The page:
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At Fishtales Hideaway, an island of satisfying seafood

At Fishtales Hideaway, an island of satisfying seafood

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Rack of tacos at Fishtales Hideaway

Fish tacos at Fishtales Hideaway in Batavia, served with feta cheese and boom-boom sauce, a spicy mayonnaise. 

Ryan Fannin was a server at Fishtales Hideaway in Batavia when I met him, cheerily hustling platters of oysters and crab legs to waiting diners in the cozy wood-paneled dining room.

The second time he served us was much like the first: well-appointed plates of seafood presented with casual aplomb. There was no sign that in the intervening months, he had become the owner, taking over from his father, who retired after a cancer diagnosis.

This is not a plea for sympathy, only a statement of fact: I couldn’t tell. After being thrown into the role, Fannin and his crew are offering an outpost of civilized seafood, against all odds, at the heart of landlocked Genesee County.

Next generation owner at Fishtales Hideaway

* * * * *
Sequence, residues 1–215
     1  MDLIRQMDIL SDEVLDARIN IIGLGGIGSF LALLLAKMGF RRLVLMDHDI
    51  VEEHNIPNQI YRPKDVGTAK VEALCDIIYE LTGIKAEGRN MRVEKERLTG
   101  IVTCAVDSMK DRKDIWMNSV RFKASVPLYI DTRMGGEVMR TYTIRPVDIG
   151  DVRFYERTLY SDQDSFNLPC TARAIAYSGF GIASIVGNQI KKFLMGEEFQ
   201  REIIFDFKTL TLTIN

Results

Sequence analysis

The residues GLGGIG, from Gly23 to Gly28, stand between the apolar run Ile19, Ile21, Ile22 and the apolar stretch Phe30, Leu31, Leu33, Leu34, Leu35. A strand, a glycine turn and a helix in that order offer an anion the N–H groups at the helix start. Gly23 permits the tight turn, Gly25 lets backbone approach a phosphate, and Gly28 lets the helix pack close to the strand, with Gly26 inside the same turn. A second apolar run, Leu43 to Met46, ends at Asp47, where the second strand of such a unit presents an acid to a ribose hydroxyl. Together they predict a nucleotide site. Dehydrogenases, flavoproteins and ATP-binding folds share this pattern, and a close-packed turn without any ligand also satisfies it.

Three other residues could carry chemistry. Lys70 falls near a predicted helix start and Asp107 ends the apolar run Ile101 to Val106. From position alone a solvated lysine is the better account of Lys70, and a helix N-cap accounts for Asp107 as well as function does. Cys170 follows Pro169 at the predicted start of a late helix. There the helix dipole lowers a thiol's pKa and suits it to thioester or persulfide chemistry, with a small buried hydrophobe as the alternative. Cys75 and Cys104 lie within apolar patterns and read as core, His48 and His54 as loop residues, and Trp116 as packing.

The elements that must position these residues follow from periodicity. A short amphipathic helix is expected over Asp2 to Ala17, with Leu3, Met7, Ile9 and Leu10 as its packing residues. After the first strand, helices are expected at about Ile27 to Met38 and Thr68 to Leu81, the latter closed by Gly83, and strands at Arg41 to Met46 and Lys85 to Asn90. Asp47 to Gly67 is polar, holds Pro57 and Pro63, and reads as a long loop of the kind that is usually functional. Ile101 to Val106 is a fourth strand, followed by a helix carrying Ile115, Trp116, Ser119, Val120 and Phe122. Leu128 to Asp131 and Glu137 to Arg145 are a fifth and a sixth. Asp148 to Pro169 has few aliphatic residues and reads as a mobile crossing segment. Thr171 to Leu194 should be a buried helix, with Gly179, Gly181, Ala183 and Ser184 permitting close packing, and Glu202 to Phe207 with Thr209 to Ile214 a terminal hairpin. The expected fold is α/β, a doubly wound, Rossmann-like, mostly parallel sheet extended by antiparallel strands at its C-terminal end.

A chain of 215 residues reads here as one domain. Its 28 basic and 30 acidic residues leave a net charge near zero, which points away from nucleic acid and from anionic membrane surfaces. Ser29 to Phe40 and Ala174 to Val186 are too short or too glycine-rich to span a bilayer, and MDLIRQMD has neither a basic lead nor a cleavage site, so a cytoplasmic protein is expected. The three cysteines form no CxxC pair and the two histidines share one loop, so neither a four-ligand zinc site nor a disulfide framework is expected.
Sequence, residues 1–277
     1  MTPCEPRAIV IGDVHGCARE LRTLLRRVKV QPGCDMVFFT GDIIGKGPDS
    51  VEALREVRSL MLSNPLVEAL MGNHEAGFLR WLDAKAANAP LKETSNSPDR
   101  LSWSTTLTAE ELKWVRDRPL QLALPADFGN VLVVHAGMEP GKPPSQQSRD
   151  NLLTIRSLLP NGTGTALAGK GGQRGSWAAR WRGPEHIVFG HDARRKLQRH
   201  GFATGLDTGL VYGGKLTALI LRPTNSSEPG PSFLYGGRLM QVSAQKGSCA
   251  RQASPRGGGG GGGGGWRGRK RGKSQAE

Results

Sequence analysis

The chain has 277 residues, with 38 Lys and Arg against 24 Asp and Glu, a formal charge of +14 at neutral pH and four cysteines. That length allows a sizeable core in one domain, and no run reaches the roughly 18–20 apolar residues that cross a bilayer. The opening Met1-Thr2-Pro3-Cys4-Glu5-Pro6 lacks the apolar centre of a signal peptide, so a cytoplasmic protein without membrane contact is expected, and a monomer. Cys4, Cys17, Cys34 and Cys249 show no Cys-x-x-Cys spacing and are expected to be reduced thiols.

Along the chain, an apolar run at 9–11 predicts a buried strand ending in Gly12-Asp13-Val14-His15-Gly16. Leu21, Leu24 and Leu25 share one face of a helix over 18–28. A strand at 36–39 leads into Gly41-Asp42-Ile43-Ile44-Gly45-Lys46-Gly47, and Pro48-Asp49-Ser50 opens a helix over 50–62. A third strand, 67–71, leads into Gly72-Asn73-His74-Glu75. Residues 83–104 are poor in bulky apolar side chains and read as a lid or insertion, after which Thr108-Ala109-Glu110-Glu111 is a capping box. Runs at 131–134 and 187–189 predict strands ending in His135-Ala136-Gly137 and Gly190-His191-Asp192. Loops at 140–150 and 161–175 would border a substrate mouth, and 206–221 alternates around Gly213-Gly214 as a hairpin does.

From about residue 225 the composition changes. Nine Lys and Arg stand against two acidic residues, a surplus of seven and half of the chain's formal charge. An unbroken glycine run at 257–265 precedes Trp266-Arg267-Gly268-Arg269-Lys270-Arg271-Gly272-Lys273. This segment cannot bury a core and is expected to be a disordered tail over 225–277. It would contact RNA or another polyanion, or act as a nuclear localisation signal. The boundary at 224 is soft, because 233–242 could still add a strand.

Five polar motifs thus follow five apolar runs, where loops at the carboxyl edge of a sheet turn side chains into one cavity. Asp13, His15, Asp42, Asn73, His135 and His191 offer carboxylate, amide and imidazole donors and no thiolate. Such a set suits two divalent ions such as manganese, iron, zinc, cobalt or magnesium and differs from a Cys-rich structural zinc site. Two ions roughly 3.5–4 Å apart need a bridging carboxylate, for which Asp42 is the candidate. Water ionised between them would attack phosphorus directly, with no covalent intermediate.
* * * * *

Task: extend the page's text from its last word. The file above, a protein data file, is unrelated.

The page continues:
Ryan Fannin has taken over as owner of Fishtales Hideaway after his father became ill.

On a corner in a residential neighborhood, the restaurant’s rooms are stately. A brick-paved patio offers alfresco dining in clement weather.

Fish fries aren’t rare in the 585, but if you want a more steady supply than Fridays, Lent, or “until we run out,” put Fishtales on your list. Its version ($13) is available daily. So while it might lack suspense, it’s got all the fish you need, a plate-spanning slab of cod in a puffy-crisp beer batter jacket.

Cod fish fry at Fishtales Hideaway

The cod fish fry at Fishtales Hideaway comes with the choice of two sides.

Here you pick your sides, so instead of just fries, there’s sweet potato fries, Cajun fries, baked potato and mashed to consider, and that’s just the spuds. Herbed rice, seasonal vegetable (grilled zucchini and summer squash), coleslaw, side salad and applesauce are the other choices.

Or get that cod broiled ($13), in garlic butter, Parmesan-crusted, Cajun, or pay another $1 for a creamy spinach Florentine topcoat.